In the crowd at the JV contest (the actual game on the Thayer campus that evening),he found old friend Steve Bresnahan, who had been doing some volunteer work in Haiti. With Bresnahan was Dr. Jean Kenes Eloy, who was director of the Saint Rock medical clinic, at a mountain village outside of Port-au-Prince.
Conversations among the three led to an invitation to head down to Haiti and that summer the Cadigans (along with Jack IV’s sister Andrea) packed their bags and joined Bresnahan and Dr. Kenes Eloy on the volunteer mission.
When they arrived the living conditions the Cadigans encountered for the locals were deplorable. Economic and political turmoil had been taking its toll on the country for a while, but the devastation from the 2010 earthquake had totally destroyed significant areas in the Port au Prince area. The recovery process had been slow.
There was no running water or electricity and much of the villages had yet to be rebuilt. But that didn’t deter the Cadigans from getting to work.
Dr. Cadigan found an old EKG machine, used for recording the electrical activity of the heart over a period of time using electrodes placed over the skin (basically a device to make sure your ticker is clicking on all cylinders), and hooked it up to a gas powered generator to see if the thing still worked. It did.
To demonstrate what a young healthy heart should look like, Dr. Cadigan used his son Jack as a test subject for the locals. What happened next, nobody was prepared for.
The strip came back from the machine showing a significant heart abnormality. Dr. Cadigan was shocked and devastated. How could an ultra-fit, athletic and healthy 16-year old boy with no signs of any defects come back with a read like this?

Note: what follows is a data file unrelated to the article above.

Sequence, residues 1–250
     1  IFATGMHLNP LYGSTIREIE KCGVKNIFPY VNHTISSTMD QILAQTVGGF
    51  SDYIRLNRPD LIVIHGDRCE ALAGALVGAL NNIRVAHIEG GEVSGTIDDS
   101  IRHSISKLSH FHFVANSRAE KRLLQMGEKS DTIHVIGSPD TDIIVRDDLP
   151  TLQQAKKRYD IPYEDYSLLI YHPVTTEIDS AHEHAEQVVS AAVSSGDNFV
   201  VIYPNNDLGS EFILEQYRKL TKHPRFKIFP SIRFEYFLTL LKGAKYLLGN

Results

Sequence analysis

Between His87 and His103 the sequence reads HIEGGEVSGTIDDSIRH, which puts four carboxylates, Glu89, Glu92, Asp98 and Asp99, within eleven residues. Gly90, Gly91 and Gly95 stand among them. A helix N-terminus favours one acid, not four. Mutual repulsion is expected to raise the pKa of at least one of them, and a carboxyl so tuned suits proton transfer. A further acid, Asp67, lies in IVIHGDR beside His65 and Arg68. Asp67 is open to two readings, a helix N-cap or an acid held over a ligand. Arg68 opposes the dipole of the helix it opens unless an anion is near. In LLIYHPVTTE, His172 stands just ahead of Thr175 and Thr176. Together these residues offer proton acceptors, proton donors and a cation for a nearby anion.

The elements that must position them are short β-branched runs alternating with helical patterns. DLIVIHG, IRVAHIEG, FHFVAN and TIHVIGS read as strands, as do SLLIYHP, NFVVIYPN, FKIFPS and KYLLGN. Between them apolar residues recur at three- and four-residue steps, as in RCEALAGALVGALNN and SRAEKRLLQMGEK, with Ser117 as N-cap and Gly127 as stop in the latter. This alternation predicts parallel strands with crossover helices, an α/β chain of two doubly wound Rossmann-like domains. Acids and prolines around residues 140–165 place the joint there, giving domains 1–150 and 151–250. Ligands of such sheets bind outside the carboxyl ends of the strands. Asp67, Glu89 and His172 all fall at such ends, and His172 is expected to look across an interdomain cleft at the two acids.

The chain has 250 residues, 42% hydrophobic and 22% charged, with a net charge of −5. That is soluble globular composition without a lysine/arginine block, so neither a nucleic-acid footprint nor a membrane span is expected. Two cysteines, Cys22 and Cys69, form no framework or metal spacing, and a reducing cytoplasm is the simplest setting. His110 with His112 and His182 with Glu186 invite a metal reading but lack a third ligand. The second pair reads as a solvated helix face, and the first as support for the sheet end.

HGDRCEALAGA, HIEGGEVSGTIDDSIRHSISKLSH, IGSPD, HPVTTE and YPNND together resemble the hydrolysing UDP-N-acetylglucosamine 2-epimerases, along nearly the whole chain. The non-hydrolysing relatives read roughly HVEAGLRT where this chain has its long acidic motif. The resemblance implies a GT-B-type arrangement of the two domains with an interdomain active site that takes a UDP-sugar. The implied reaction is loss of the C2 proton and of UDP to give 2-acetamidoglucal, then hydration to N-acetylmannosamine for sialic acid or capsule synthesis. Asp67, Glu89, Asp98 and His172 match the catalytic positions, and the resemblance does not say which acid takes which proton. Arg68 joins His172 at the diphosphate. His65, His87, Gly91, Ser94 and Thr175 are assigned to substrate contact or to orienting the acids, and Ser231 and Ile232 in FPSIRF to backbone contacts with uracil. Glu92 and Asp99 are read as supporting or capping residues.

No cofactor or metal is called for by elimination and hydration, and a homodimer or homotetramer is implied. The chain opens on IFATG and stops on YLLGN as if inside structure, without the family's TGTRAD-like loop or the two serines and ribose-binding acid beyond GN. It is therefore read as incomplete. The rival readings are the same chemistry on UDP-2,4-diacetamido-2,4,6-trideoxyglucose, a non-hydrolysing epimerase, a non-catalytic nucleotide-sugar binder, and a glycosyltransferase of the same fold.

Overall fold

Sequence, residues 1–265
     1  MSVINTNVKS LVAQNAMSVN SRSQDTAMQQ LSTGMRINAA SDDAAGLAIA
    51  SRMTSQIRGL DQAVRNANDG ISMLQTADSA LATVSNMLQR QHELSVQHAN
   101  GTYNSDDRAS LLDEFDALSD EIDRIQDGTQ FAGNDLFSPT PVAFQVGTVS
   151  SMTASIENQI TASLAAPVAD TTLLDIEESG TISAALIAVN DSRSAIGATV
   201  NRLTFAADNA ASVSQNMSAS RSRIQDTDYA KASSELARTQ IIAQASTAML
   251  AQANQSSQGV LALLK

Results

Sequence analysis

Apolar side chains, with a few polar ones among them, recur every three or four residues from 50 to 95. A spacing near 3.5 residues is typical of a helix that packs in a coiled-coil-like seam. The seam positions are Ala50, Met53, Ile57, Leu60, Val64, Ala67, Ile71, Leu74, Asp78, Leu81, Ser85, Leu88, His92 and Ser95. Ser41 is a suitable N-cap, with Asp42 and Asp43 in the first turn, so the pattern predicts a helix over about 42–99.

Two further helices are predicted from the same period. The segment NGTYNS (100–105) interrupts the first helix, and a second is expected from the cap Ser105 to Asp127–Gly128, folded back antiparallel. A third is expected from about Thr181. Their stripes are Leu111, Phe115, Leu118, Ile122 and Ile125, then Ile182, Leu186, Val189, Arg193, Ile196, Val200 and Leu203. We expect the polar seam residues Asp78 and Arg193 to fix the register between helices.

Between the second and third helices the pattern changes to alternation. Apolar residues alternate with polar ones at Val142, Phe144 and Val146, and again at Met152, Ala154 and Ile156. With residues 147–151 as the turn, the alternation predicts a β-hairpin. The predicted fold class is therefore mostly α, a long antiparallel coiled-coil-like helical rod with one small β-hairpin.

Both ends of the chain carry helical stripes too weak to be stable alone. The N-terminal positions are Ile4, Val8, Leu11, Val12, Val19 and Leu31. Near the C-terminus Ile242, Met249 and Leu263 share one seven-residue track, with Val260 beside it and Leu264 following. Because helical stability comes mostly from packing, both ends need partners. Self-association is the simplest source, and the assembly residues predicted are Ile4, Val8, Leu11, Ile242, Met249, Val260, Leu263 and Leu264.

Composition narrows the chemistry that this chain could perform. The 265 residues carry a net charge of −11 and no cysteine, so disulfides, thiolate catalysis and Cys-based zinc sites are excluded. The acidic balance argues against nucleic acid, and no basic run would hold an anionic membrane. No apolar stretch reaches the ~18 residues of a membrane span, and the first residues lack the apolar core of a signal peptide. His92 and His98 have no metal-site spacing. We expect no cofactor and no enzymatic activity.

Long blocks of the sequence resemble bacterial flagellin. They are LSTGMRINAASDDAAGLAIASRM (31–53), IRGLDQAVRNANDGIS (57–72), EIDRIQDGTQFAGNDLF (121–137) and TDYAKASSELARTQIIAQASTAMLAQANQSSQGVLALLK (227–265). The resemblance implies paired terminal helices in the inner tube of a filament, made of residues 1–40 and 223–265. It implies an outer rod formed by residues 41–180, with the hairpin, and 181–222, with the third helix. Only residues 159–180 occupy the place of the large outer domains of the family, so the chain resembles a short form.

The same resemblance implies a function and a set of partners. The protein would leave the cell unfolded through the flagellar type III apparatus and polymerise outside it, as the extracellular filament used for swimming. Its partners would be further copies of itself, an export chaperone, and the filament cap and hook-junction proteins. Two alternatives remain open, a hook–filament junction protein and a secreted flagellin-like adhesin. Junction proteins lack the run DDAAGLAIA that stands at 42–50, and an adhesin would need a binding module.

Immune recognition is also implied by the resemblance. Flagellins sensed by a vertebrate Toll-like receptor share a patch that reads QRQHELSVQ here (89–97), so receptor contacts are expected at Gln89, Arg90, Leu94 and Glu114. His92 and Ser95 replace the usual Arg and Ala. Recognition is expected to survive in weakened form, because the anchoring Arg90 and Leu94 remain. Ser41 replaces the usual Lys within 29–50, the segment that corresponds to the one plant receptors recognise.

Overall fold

With a week left on their Haiti trip, the elder Jack decided to keep the test results to himself until returning home.
That October (2012), Jack underwent an eight-hour open-heart surgery at Massachusetts General Hospital by cardiac surgeon Thomas MacGillivray.
It wasn’t an easy surgery. Complications left Jack in pretty rough shape in the immediate aftermath. When Dr. Cadigan came in to see his son upon regaining consciousness, the younger Jack -to show his family he was okay- emulated the hospital scene from The Godfather, one of the families all-time favorite movies.
At that point, even though the recovery was going to have its challenges, the family knew Jack was going to be alright.
Goals of that recovery for Jack included resuming his basketball career. Jack was laser focused and determined to get back on the court.
And he had a nearby inspiration to help drive him. Earlier that year, Boston Celtics scoring leader Jeff Green had an aortic root aneurysm on his heart discovered from EKG testing during a routine physical with the team. Green had open heart surgery and missed the entire 2011-12 campaign, but had recently returned to the Celts for the 2012-13 season. In the almost twenty years since Reggie Lewis fatefully collapsed the NBA –and Celtics organization particularly- had drastically enhanced team physicals and cardiac testing standards for its players.
The blueprint for a return had been set. And for Jack it was right in his backyard. He met with Green over dinner and the Celtics honored him as on their “Heroes Among Us.”
By February he began light shoot-arounds which gradually moved on to contact drills and then full court scrimmages. After missing his sophomore year on the court, Jack –having now transferred to Medfield High- was ready to return to action. For the next two seasons he performed very admirably as a starter and was one of the Warriors best players, culminating with Sports Illustrated naming Jack its HS Athlete of the Month in January 2015. The comeback had come full circle.
But the mission was far from complete.